Walter Richard Cassels
Walter Richard Cassels Poems
The tale is pitiful. 'Twas on this wise--
Llewellyn went at morn among the hills,
To hunt, as is his use. My lady, too,
With all her maidens, early sallied forth,
A pilgrimage among the neighbouring vales,
Culling of simples, nor yet comes she home;
And so the child lay sleeping in his crib,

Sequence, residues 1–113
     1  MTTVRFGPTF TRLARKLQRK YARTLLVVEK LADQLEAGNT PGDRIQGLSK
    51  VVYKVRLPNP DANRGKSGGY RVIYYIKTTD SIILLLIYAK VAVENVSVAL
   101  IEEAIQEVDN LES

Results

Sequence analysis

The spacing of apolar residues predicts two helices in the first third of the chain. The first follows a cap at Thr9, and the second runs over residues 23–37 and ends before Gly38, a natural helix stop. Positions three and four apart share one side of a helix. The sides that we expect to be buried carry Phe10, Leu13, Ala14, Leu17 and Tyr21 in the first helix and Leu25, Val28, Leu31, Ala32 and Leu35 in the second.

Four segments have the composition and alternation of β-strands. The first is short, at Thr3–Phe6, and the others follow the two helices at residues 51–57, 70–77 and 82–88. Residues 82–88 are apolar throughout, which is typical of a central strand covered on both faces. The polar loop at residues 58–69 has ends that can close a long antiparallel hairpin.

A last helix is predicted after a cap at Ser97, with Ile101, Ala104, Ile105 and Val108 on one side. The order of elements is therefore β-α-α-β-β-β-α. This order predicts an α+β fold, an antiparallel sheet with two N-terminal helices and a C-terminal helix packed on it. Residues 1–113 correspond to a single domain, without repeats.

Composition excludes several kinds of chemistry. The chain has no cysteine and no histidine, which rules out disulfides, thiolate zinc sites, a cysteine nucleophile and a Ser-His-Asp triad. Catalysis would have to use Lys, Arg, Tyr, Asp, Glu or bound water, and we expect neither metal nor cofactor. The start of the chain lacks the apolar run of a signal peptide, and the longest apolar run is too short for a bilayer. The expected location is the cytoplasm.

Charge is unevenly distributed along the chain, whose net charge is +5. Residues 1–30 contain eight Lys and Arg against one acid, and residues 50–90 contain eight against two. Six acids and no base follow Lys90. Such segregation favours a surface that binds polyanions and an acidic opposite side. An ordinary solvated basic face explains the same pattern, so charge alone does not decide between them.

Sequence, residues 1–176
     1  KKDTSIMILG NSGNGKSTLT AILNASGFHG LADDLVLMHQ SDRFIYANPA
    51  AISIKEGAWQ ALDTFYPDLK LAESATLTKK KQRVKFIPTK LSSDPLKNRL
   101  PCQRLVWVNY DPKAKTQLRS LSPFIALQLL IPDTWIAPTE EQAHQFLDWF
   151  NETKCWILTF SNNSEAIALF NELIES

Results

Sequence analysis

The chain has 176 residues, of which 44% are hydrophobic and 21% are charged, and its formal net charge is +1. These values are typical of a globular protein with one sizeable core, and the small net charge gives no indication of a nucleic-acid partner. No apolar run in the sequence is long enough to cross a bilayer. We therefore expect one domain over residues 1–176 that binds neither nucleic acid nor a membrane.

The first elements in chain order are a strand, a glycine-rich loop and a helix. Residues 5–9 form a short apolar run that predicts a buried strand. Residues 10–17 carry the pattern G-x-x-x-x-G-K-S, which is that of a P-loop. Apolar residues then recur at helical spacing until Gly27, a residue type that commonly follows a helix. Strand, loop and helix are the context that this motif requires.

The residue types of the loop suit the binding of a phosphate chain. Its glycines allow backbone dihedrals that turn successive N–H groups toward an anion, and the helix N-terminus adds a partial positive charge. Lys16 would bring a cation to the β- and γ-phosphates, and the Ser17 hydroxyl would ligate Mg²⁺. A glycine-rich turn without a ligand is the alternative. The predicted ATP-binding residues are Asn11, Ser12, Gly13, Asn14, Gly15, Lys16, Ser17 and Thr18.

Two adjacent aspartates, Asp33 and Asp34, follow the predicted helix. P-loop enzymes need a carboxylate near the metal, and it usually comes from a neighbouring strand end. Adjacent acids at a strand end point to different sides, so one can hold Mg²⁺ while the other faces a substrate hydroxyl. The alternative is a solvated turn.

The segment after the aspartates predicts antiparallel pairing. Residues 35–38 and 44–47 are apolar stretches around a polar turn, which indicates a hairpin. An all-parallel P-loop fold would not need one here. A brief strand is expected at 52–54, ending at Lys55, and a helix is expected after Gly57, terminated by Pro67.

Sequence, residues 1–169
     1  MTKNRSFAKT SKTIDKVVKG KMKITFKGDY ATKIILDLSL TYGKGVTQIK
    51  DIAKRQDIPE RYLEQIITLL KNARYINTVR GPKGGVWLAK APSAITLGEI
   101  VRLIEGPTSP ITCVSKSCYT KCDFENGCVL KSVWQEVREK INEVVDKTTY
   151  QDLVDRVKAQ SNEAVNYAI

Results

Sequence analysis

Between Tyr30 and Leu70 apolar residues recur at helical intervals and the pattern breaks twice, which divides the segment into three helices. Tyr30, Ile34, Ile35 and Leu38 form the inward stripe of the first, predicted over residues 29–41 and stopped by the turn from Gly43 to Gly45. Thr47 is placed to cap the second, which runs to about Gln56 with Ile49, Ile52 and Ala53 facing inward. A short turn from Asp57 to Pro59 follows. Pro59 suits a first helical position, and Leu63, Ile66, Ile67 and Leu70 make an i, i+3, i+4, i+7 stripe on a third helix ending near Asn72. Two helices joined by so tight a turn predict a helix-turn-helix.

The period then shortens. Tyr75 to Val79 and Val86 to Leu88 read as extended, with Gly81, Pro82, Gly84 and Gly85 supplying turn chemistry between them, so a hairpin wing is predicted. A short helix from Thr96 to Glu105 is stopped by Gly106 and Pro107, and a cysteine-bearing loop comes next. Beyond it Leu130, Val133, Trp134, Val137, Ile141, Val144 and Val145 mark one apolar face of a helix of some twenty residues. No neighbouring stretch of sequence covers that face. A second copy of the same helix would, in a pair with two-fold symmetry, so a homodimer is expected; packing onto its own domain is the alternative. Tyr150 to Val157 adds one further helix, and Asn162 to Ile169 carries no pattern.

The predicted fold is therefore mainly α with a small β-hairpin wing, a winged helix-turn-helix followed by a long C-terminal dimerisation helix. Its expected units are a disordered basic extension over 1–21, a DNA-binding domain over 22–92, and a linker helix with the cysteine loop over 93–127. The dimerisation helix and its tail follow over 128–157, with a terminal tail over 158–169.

With Gelert--you remember the old hound?
He pull'd the stag of ten down by the Holy Well--
With Gelert set to watch him like a nurse.
The dog alone? nay! friend, but that is strange!
Strange! Not a whit, for fifty times before
A Night Scene
The lights have faded from the little casement,
As though her closing eyes had brought on night;
And now she dreams--Ah! dreams supremely bright,
While silence reigns around from roof to basement.
And slow the moon is mounting up the sky,
Drawing Heaven's myriads in her queenly train,
Flinging rich largesse, as she passes by,
Of beauty freely over hill and plain.